I love the way Jackie weaves historical fact into her stories. It doesn’t bog them down or dry them out but gives them great bones.

The cover of the book hooks us with the question …

    What does it mean to own the land? A story of friendship, adventure and the past.

Instead of a hard hitting first line Jackie draws us into the setting and makes you feel a part of the landscape which is so connected to the story you can’t stop reading.

I’ve read a few of her books recently and I’m beginning to think she doesn’t subscribe to the ‘make or break first line’ rule. I haven’t yet found a punchy, grab ’em and hook ’em first line from her yet.

On either side of the road the paddocks rolled like bright carpets, covered in a fuzz of phalaris grass, it’s yellow seeds ripening in the summer heat, broken only by the slash of erosion gullies, orange in a golden land, the taut brown lines of barbed-wire fences, dams like giant puddles and the verges of the road.

What a description! I would have broken that first sentence into several sentences but perhaps that would then have destroyed the imagery of the spread of the land.

Not only is the setting drawing us in but the characters are so rich. Actually you might say that the setting is a character in this story.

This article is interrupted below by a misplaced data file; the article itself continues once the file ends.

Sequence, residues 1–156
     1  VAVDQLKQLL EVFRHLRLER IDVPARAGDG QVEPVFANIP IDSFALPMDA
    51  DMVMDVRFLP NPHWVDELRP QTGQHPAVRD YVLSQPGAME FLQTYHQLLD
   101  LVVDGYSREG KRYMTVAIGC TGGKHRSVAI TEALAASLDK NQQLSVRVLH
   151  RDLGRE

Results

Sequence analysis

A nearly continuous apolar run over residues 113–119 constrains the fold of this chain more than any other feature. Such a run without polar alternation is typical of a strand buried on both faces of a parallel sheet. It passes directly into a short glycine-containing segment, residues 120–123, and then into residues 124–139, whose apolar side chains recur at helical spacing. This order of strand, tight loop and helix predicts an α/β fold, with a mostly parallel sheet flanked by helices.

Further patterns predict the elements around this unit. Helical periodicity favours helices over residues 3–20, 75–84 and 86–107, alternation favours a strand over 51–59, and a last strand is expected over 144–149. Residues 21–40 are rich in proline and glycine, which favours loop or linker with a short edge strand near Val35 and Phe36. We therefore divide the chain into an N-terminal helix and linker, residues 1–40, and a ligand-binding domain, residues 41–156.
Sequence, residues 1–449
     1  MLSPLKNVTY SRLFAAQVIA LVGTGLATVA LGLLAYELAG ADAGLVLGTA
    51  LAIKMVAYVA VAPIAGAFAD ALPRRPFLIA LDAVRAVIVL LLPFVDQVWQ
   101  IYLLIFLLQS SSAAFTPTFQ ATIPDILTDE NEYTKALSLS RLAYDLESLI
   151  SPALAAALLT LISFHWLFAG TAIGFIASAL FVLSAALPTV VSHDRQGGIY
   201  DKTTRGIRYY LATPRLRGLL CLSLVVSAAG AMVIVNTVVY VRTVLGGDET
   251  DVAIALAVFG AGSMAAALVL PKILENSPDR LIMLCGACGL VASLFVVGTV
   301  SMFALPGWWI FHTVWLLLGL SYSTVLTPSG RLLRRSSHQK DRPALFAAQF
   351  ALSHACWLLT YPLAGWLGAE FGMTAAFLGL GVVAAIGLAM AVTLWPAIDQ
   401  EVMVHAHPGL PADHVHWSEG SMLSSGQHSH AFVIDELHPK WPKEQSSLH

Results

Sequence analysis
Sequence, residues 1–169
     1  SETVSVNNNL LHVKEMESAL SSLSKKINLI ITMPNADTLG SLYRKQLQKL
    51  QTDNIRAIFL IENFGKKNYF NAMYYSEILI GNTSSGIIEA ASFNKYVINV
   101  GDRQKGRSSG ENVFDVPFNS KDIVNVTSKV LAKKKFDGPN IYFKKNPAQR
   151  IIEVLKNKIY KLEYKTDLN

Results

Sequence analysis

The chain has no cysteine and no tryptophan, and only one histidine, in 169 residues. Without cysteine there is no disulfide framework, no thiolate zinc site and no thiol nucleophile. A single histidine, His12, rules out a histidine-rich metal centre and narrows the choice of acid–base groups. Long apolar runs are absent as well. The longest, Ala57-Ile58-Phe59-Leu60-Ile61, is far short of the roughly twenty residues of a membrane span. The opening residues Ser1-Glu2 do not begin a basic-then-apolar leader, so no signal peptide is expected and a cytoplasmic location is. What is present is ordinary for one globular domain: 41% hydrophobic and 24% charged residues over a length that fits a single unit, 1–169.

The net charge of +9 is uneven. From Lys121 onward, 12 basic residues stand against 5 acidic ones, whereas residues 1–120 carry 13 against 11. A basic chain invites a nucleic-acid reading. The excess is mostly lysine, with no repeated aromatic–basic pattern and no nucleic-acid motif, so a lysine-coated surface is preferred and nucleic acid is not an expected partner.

Here, young Martin from the city, meet’s his Grandfather for the first time in many years.

Old Ted looked like he’d dropped out of a TV documentary about somewhere dry and old and boring, the sort you’d never bother to watch. But on TV at least you wouldn’t be able to smell him – Old Ted smelt of sweat and musty clothes and the sweet papery scent of age.

I see Martin as a shadow of himself in the beginning. He seems dry and worn out himself. In this paragraph I began to understand Martin and see why a young boy seems to be like an old man.

He never thought he’d even met Old Ted. He couldn’t believe it when Dad had rung from Adelaide, where he lived now with his new family, to tell him about Old Ted’s offer. It was a weird offer, but no weirder than Old Ted, Dad had said. It was an incredible offer. It could mean money. Real money. For once Mum had agreed with Dad. She’d let him come.

As Martin spends time on the land the dust begins to fall off him.

Martin nodded without speaking. The trees seemed taller here, like a giants thighs, too tall to see the tops. The air was sweet with rotting leaves and bark. Somewhere a bird sang, clearer than he’d ever heard.

A great book for Australian children to read. A story about a short adventure in the outdoors. A story about friendships formed with people you might not see every day but who are just a important in your life. A story to help us understand the connection to the land some people instinctively feel and others learn to feel.

What does it mean to own the land?

None of us do. We are just caretakers. Some better than others.

It is worth reading Jackie’s notes on the book jackiefrench.com